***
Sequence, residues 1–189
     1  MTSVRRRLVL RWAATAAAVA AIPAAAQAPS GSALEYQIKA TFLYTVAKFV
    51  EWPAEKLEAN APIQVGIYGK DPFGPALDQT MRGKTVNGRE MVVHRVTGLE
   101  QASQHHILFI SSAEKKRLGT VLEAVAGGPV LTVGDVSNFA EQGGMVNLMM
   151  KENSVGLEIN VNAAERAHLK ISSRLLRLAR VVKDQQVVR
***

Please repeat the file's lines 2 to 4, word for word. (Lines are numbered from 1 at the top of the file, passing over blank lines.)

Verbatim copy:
     1  MTSVRRRLVL RWAATAAAVA AIPAAAQAPS GSALEYQIKA TFLYTVAKFV
    51  EWPAEKLEAN APIQVGIYGK DPFGPALDQT MRGKTVNGRE MVVHRVTGLE
   101  QASQHHILFI SSAEKKRLGT VLEAVAGGPV LTVGDVSNFA EQGGMVNLMM